London Film Festival 2010: The Arbor takes top Sutherland award
Story by Jack Foley
BRITISH filmmaker Clio Barnard has picked up two awards at the BFI 54th London Film Festival for her debut film The Arbor.
The director took home the Sutherland award, given to the director of the most original feature, as well as the best British newcomer prize. The film offers an unorthodox look at the life of Andrea Dunbar, best known for writing Rita, Sue and Bob Too!.
Barnard is an artist turned filmmaker whose work is more often seen in galleries such as Tate Modern and MoMA. She was delighted and surprised with the awards… two of only five presented by the London Film Festival.
In explaining their decision, however, one juror, screenwriter Tony Grisoni, said: “The Arbor is innovative, eloquent and emotionally resonant. This film, which touched all of us, both challenges conventional film-making and at the same time engages with real lives. A stunning debut.”
Another of the night’s big winners was How I Ended This Summer, a bleak psychological drama set in the Arctic Circle and directed by Russian filmmaker Alexei Popogrebsky.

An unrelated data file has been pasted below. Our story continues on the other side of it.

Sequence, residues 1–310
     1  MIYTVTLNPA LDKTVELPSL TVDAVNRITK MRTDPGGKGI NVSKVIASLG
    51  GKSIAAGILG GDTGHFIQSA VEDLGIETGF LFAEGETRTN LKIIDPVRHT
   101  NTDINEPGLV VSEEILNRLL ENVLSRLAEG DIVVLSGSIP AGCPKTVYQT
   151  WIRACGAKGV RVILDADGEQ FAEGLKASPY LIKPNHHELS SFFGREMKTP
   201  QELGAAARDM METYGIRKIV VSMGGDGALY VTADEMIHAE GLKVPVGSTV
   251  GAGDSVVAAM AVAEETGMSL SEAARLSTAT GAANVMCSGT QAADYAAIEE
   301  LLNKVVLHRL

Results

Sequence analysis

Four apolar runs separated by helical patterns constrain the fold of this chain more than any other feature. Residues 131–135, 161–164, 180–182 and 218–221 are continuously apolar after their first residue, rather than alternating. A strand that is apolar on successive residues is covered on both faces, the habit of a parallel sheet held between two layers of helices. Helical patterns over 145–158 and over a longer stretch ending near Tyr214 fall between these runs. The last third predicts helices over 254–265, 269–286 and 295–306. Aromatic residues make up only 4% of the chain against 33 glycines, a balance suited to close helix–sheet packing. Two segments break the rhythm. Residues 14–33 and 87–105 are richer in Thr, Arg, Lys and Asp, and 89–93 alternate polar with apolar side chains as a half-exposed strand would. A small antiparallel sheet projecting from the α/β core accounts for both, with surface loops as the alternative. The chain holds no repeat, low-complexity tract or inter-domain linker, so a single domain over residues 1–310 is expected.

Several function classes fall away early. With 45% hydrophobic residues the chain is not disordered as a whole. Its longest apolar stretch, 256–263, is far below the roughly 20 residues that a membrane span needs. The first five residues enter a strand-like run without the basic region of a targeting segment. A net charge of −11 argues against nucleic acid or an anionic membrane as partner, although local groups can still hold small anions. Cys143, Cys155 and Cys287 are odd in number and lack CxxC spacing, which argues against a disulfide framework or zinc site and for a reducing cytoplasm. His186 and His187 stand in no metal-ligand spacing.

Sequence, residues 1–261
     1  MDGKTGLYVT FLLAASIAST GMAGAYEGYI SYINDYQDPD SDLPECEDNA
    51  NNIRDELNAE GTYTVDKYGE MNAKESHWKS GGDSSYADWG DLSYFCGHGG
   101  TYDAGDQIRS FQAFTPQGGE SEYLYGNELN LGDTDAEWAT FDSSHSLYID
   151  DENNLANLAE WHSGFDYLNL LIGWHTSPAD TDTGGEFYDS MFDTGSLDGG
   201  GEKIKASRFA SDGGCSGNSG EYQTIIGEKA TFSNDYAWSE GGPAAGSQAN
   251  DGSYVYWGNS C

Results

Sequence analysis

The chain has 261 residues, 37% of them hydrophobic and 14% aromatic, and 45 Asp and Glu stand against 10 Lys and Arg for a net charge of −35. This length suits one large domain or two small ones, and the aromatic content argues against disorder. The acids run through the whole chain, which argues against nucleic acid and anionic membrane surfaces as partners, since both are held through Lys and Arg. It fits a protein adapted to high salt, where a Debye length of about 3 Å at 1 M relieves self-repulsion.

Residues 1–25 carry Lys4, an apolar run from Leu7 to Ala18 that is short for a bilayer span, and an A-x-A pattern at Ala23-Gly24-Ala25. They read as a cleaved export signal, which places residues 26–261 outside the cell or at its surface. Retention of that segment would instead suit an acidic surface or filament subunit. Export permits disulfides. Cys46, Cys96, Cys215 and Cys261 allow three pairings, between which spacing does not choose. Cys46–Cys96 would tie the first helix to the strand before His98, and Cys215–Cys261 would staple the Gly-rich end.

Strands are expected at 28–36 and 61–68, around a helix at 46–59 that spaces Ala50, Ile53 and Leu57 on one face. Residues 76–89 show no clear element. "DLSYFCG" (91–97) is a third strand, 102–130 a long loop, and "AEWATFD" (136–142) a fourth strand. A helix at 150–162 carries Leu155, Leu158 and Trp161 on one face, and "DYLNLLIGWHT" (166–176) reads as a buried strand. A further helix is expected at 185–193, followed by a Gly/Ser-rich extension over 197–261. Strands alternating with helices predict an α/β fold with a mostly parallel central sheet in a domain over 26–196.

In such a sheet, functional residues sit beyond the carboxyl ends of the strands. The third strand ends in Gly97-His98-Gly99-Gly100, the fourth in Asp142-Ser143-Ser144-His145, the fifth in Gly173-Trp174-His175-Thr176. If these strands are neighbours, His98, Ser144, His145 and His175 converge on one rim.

Explaining this decision, panel chair Patricia Clarkson said: “With elemental themes of isolation, alienation and the power of misunderstanding, How I Ended This Summer is a visceral psychological drama set in the immersive landscape of the windswept Arctic.”
It took the trophy ahead of strong competition from home-grown talent such as Mike Leigh (for Another Year), Oscar-tipped crowd-pleaser The King’s Speech (from Tom Hooper) and Danny Boyle’s 127 Hours.
Boyle, though, did not leave empty-handed, as he was presented with a British Film Institute fellowship in recognition of a diverse body of work that includes the likes of 28 Days Later, Trainspotting, Sunshine and Slumdog Millionaire.
His latest film, meanwhile, is a dramatisation of the real-life story of climber Aron Ralston, who was forced to amputate his own arm using a dull knife. It closes the festival tomorrow (Thursday, October 28, 2010).
The final award of the night was presented to Janus Metz, who took home the best documetary award for his movie, Armadillo, which follows Danish soldiers on their first posting to Afghanistan.
The London Film Festival awards, which are now in their second year, were handed out at a black-tie dinner at LSO St Lukes, in London, on the penultimate night of the festival (Wednesday, October 27) and were attended by a variety of guests, including the likes of Gabriel Byrne, Andy Serkis, Joanne Froggatt and John Hurt.